Published online by Cambridge University Press: 10 September 2020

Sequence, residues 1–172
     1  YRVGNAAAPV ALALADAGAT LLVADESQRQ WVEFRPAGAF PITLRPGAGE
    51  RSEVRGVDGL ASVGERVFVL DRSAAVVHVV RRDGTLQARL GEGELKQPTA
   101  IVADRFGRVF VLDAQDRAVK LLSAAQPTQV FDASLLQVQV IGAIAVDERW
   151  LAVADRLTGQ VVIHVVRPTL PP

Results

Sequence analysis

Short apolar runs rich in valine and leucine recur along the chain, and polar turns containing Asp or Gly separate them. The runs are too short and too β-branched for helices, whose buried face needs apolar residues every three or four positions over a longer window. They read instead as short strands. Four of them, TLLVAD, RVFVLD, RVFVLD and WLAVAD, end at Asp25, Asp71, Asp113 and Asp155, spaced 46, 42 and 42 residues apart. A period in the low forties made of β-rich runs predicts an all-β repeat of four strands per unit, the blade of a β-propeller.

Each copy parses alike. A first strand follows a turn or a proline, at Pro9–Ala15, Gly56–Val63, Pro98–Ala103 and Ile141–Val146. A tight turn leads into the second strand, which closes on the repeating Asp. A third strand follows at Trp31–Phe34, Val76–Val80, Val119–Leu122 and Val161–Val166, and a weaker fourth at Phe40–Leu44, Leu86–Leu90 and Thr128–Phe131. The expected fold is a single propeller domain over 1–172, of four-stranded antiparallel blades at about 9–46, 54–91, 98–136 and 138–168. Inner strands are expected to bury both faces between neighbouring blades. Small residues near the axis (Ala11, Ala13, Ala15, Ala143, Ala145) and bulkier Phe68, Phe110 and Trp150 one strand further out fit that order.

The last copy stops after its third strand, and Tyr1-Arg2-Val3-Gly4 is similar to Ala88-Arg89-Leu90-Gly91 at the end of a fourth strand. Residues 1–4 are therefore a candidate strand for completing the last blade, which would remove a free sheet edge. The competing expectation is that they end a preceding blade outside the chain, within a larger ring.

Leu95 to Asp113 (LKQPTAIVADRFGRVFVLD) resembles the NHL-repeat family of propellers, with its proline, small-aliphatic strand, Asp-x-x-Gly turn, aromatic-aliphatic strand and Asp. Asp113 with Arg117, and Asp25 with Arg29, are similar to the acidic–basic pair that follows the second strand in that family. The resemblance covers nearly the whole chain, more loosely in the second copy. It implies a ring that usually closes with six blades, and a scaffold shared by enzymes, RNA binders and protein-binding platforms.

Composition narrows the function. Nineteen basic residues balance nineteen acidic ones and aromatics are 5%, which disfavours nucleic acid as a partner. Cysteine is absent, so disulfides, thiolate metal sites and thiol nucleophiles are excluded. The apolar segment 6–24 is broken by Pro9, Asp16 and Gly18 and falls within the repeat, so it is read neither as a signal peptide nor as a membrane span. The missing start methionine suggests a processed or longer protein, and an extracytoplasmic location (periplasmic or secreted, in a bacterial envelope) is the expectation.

After 1989, the function of TG changed. It became a process whereby TA introduce a constitutional transformation on the basis of interim laws. In spite of its domestic nature, it also became an international project, and one with formidable ambitions: ending war, conflict or crisis by reconfiguring the state order. This model attracted international attention, notably from the UN Security Council, and became a playing field of choice in international politics. Also without recourse to armed force, international actors could impact a state apparatus – through state renaissance. This book zooms in on the non-forcible aspects of conflict-related TG while focusing on the transition (notably by replacement or transplacement) itself. The journey becomes the destination. This study will show that, less and less so and except if the ongoing development of the law applicable to TG itself embarks upon a sea change, neither TA nor external actors can act legibus soluti when realising or contributing to state renaissance.